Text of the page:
However, without the scale and sophistication of other large marketing channels like programmatic display ads, social advertising, and/or product listings , CLO’s were seen as an interesting niche, but not a channel  to invest any serious marketing dollars.  

Card-Linked Offers go mainstream

After a few years,  larger Financial Institutions, such as Bank of America, Chase, American Express, Wells Fargo, and Citibank realized Card-Linked Offers were here to stay, and they couldn’t deny the positive metrics they were driving at other banks.  These included some of the highest Net Promoter Scores ever recorded for banking products, an uptick in card usage, and lower  attrition rates from  checking account customers.

At the same time, the CLO platform companies were getting more sophisticated and creating advanced targeting options, incremental sales measurement, and insights into Wallet Share that Marketers were hungry for.  As more Financial Institutions opened up their huge customer bases and associated transaction data, the industry started achieving a scale that attracted the attention of Marketers and their marketing budgets  Large Marketers no longer considered CLO a niche play but  a highly efficient and measurable marketing channel and  began moving budgets out of their Direct Mail and underperforming digital channels.

“Why can’t we get Supermarkets to participate?”

As the  CLO industry continued to grow with new Financial Institutions joining,  Marketers continued to devote more of their  budgets in response to the increased scale of this growth channel.  But the Banks that had joined the CLO revolution early began  getting questions from their customers on the types of offers that were available.  While there was plenty of “content”, customers were finding that they were not receiving offers for the places they shopped the most, including Supermarkets, Convenience stores, and Big Box stores like Walmart and Target.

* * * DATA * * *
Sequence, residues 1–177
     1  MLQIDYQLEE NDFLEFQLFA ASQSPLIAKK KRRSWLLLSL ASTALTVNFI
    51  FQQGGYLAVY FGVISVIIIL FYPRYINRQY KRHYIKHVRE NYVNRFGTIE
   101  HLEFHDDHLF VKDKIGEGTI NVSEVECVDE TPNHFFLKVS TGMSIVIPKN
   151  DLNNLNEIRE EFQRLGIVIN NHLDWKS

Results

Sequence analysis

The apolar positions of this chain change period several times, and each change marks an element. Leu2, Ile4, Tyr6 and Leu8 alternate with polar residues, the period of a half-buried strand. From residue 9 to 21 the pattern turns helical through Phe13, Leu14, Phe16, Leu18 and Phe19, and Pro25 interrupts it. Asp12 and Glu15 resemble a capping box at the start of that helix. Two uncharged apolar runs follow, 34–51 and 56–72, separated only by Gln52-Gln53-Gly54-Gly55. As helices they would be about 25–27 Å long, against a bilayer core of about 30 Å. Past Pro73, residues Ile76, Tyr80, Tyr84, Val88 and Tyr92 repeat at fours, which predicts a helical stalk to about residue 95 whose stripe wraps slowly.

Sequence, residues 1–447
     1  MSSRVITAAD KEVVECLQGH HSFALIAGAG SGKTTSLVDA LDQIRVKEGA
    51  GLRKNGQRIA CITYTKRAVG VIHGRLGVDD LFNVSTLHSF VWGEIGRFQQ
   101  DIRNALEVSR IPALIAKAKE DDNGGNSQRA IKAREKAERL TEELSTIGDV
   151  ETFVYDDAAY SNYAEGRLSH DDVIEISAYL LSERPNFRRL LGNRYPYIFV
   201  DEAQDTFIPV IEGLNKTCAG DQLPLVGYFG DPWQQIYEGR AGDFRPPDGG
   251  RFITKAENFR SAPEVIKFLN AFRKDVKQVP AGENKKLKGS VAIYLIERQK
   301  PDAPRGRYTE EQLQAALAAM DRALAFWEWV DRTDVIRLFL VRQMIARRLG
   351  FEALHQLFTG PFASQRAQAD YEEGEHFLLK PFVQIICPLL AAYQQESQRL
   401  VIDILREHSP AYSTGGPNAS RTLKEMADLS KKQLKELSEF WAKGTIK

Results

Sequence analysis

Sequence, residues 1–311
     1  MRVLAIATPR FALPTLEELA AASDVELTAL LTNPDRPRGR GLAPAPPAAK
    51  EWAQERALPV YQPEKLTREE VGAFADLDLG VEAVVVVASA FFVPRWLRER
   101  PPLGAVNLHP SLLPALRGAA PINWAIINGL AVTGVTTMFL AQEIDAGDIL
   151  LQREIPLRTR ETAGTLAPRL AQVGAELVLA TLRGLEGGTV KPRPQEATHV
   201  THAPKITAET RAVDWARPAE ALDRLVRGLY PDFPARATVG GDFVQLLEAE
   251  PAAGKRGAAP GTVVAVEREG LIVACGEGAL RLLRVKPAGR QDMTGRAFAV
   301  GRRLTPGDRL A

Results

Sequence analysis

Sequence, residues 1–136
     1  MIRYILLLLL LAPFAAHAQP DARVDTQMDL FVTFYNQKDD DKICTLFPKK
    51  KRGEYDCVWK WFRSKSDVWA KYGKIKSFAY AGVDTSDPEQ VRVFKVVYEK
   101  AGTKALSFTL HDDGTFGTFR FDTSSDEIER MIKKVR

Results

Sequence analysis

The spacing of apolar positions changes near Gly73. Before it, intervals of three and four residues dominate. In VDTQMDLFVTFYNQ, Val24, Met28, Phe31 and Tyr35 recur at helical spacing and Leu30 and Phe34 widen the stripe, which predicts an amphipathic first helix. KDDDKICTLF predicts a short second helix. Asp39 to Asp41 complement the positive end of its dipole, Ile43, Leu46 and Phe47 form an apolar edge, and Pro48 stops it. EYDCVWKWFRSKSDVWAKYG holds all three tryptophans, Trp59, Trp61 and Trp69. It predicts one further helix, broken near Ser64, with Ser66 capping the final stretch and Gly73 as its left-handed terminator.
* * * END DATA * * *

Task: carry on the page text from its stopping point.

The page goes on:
In fact, the Card-Linked Offer companies, and Banks that ran their own programs, were having a hard time convincing a broad array of marketers to participate.. To understand why the CLO industry was failing to attract them,  one must understand both the business models of these companies, as well as the limitations of Card-Linked Offers.

Let’s take a look at supermarkets, as grocery represents the largest percentage of retail spend in the United States. At the household level, the average spend on groceries is $4,643 per year, based on 2019 data from the U.S. Bureau of Labor Statistics.  Conventional grocery store chains have an average profit margin of about 2.2%. This means that for every dollar of sale a grocery store has, they make 2.2 cents of profit.  The main reason grocery profit margins are so low, especially for conventional grocery stores is competition.There are 38,307 grocery stores in the US according to Statistica. That’s literally 1 store for every 5,459 adults over age 18.

So why does this matter?  For one thing, with limited margins, Supermarkets tend to have relatively small Marketing budgets. They rely on manufacturers, primarily Consumer packaged good companies (CPG’s) , to advertise and drive traffic to the Stores.  For example, take Procter & Gamble, the maker of Pampers, Crest toothpaste, Bounty paper towels, and 62 other Household brands,  In 2019, P&G’s advertising spending in the United States reached $4.28 billion U.S dollars, with the primary goal of driving customers to Supermarkets, and other stores that carry their products.